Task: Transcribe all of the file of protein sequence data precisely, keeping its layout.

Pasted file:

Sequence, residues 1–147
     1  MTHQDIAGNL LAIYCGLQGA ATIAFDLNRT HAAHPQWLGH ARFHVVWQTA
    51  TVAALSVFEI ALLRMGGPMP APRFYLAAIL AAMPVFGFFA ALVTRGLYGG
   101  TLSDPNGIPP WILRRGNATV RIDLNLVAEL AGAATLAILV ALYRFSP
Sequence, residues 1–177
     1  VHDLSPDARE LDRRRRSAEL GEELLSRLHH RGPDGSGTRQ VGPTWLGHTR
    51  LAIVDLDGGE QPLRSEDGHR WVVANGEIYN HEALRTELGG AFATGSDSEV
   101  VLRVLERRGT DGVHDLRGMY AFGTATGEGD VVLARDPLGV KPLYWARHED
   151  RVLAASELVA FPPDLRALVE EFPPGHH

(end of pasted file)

Sequence, residues 1–147
     1  MTHQDIAGNL LAIYCGLQGA ATIAFDLNRT HAAHPQWLGH ARFHVVWQTA
    51  TVAALSVFEI ALLRMGGPMP APRFYLAAIL AAMPVFGFFA ALVTRGLYGG
   101  TLSDPNGIPP WILRRGNATV RIDLNLVAEL AGAATLAILV ALYRFSP
Sequence, residues 1–177
     1  VHDLSPDARE LDRRRRSAEL GEELLSRLHH RGPDGSGTRQ VGPTWLGHTR
    51  LAIVDLDGGE QPLRSEDGHR WVVANGEIYN HEALRTELGG AFATGSDSEV
   101  VLRVLERRGT DGVHDLRGMY AFGTATGEGD VVLARDPLGV KPLYWARHED
   151  RVLAASELVA FPPDLRALVE EFPPGHH